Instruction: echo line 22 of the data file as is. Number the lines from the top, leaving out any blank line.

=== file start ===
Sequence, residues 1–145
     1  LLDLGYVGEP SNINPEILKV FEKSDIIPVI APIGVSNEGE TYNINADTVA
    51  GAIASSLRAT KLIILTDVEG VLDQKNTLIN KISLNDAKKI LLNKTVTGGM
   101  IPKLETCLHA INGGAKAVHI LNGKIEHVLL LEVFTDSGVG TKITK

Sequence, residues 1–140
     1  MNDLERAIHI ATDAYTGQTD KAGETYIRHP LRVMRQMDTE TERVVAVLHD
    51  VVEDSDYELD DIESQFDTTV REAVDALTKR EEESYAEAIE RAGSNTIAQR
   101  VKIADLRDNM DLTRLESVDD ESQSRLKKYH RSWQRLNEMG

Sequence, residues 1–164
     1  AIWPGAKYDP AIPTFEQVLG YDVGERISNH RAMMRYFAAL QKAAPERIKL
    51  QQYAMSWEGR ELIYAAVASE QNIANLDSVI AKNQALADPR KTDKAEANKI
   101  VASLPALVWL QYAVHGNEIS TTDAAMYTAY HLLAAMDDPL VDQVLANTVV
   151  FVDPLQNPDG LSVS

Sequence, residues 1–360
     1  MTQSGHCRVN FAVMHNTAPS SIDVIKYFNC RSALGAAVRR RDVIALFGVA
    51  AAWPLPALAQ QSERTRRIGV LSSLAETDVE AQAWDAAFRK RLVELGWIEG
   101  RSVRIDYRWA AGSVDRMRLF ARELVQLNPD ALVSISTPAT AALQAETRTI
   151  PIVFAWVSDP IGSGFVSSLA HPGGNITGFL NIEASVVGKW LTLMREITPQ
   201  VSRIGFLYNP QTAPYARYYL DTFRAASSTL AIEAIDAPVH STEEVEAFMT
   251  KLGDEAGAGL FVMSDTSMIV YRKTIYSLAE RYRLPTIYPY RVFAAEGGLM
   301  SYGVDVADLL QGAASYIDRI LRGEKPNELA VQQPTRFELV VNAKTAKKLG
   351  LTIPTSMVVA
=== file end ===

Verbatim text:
   351  LTIPTSMVVA